Next, marketers use the platform to assign all creative a “Creative Quality Score” based on how many of their previously-defined creative best practices the creative incorporates. From there, improving the Creative Quality Score is a matter of incorporating more of the creative best practices.
Raising the Creative Quality Score has a direct and, crucially, measurable effect on media efficiency and the other metrics associated with creative quality, including:
Fortune 500 companies like Nestlé, Heineken, and Mondelēz have used the Creative Quality Score to dramatically boost the efficiency of their ad campaigns. Nestlé saw a 66% increase in Return on Ad Spend for ads with a Creative Quality Score greater than 66% on Meta platforms. Heineken saw a 50% incremental lift to brand value on Facebook after incorporating creative best practices via CreativeX.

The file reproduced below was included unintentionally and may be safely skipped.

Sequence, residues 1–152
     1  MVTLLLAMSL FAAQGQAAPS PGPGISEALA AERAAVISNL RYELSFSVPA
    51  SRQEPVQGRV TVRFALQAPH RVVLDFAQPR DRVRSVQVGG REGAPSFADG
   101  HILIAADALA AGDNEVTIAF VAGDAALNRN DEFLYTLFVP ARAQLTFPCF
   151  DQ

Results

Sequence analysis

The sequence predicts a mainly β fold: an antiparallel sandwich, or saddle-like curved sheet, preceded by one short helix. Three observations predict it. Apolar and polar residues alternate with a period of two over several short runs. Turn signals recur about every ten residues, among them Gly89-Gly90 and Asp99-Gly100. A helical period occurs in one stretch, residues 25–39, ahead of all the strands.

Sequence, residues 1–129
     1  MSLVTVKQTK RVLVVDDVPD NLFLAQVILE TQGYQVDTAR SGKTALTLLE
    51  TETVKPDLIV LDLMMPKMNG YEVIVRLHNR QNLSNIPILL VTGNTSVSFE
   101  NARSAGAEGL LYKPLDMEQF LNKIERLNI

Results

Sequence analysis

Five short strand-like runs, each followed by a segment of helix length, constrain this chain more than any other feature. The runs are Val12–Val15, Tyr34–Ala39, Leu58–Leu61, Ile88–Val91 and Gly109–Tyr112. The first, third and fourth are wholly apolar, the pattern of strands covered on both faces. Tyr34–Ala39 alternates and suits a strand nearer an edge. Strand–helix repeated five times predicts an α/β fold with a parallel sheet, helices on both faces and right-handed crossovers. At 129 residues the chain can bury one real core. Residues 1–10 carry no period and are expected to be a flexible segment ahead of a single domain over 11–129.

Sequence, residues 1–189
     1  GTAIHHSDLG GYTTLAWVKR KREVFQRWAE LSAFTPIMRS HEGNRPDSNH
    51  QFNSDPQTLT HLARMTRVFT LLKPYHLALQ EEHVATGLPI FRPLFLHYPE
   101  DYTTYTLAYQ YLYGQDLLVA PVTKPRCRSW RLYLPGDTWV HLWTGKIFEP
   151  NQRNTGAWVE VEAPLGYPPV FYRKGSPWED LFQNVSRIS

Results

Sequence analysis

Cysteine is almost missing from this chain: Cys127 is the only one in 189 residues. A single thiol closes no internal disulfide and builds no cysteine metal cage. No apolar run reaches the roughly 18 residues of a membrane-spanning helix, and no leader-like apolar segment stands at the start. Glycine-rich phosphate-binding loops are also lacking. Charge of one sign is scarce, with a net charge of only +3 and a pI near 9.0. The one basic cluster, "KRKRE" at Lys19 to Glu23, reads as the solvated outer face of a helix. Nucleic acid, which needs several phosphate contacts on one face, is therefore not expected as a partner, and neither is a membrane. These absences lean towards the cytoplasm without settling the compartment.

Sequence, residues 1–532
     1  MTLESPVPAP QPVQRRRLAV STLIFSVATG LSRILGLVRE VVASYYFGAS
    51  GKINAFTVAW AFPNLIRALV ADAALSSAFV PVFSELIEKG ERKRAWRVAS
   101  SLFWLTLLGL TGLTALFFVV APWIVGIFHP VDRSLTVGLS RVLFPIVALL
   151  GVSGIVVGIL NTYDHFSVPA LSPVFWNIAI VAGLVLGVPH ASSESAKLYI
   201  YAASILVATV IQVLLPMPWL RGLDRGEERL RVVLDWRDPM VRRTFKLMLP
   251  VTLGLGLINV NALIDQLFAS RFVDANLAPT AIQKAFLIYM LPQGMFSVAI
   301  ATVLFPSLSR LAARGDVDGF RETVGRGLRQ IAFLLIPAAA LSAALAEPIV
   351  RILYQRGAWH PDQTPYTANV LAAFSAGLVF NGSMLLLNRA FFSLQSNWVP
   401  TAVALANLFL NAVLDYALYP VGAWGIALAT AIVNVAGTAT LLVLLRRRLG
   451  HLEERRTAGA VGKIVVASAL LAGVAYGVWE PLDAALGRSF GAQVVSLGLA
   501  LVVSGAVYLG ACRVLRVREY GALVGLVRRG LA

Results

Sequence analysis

Compare wins like these to the typical Fortune 500 company that doesn’t measure Creative Quality Score. The average CQS for Fortune 500 companies is 28%, which means nearly three-quarters of all of their creative campaigns are inefficient.
The Creative Quality Score represents a huge opportunity for both CMOs and CFOs. CMOs can use it to quickly make their marketing campaigns considerably more impactful and therefore efficient, even while working within their recession budgets. CFOs can use the Creative Quality Score to prove the impact of marketing initiatives in clear financial terms by charting the rising CQS with improved results.
In this recession, the most efficient marketing investment an organization can make is to improve its creative quality. The most efficient way to do that is to invest in creative data, identify Creative Best Practices, derive a Creative Quality Score, and then focus on raising that Creative Quality Score across all campaigns.
If you want to start finding your Creative Best Practices and assigning Creative Quality Scores today, CreativeX can help.